Lewis deSoto, an artist of Cahuilla ancestry, is internationally recognized for his photographs, installations, sculpture and public art that engage cosmological questions, notions of self, and cultural mythologies. Educated at UC Riverside and Claremont Graduate University, he taught at Otis Art Institute in Los Angeles, Cornish College of the Arts in Seattle, served as the Director of Graduate Studies at California College of the Arts, and is currently a professor of Art at San Francisco State University. He has been exhibiting his art professionally for over 30 years and his artworks can be found in museum collections around the country, most notably the Museum of Contemporary Art, San Diego and the Museum of Modern Art, New York. In November 2015, his Empire series will open at Cal State University San Bernardino with an accompanying publication, and in February 2016, selections of this body of work will be shown at the Palm Springs Art Museum. In late spring, deSoto is scheduled for a solo show at the Santa Barbara Museum of Art, and he was recently chosen to participate in the 2016 SITE Santa Fe Biennial.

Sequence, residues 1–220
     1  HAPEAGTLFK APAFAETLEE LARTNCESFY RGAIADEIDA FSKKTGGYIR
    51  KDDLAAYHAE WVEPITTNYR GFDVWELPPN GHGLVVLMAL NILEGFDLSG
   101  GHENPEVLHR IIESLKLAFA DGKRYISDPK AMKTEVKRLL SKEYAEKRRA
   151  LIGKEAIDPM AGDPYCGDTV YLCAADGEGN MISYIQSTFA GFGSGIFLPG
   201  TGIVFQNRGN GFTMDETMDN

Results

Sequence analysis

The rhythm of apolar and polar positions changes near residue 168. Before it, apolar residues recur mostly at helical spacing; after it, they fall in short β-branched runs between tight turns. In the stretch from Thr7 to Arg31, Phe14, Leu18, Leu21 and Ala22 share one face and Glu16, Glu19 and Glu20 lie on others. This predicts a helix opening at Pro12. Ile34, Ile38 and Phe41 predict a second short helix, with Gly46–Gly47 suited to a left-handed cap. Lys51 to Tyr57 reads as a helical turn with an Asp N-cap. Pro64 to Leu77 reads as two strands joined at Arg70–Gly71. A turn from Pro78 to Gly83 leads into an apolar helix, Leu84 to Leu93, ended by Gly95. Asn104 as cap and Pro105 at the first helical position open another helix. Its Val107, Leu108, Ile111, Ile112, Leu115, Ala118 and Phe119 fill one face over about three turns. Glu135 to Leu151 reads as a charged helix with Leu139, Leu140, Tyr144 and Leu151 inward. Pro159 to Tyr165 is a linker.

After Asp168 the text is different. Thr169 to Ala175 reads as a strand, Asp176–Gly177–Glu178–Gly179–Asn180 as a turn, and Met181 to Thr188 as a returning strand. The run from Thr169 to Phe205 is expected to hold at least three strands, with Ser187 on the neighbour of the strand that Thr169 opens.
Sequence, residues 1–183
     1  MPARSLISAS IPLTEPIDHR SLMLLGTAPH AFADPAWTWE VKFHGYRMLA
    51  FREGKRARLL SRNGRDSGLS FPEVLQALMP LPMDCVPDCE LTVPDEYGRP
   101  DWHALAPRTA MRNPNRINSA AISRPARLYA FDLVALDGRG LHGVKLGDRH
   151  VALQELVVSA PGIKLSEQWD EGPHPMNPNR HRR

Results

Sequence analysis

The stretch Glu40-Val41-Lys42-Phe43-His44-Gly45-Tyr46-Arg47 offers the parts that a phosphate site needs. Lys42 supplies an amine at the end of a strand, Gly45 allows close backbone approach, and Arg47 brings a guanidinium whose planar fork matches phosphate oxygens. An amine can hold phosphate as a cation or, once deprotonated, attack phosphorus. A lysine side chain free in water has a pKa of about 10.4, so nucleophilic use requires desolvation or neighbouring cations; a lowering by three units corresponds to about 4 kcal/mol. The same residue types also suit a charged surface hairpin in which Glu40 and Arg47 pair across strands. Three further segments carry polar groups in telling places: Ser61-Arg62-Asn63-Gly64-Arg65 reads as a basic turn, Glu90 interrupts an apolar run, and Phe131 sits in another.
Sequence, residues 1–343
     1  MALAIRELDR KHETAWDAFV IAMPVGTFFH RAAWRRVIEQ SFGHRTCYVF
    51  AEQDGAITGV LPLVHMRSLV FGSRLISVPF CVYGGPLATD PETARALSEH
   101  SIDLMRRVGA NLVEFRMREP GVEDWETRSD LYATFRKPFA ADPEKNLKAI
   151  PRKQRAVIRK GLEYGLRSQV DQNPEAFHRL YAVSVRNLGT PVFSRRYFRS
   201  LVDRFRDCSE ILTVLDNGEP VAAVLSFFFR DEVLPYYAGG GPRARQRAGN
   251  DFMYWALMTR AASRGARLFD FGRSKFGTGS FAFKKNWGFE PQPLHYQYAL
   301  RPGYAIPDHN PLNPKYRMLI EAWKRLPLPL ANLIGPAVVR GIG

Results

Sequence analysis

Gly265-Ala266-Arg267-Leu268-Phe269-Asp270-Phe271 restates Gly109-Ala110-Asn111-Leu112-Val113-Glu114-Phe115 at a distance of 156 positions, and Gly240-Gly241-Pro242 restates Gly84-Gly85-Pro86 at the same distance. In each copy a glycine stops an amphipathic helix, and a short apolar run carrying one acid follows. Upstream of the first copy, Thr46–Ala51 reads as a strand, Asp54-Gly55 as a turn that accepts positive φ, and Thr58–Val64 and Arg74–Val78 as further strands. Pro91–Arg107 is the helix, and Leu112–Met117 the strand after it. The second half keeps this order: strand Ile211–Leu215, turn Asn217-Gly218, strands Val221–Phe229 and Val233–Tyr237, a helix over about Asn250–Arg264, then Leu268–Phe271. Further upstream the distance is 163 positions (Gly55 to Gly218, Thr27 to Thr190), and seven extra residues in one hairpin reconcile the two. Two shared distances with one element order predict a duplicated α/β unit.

Influenced by anthropology, sociology, history, religion, literature and music, deSoto is recognized for his conceptual artwork, as well as his culturally-specific and site-specific installations that transform spaces through light, audio and video. In talking about Tahquitz, a site-specific collaboration with Erin Neff at UCR’s Culver Center for the Arts in 2012, he states, “I’m a big believer in the fact that culture is always hybridizing and building on existing forms, combining others. The idea that a western form of singing could harmonize with an ancient indigenous song is very interesting to me. We often think of these cultures being at odds, but in fact there are many ways in which these cultures have created new ones.” This statement encapsulates a personal philosophy that emerges within a number of deSoto’s artworks.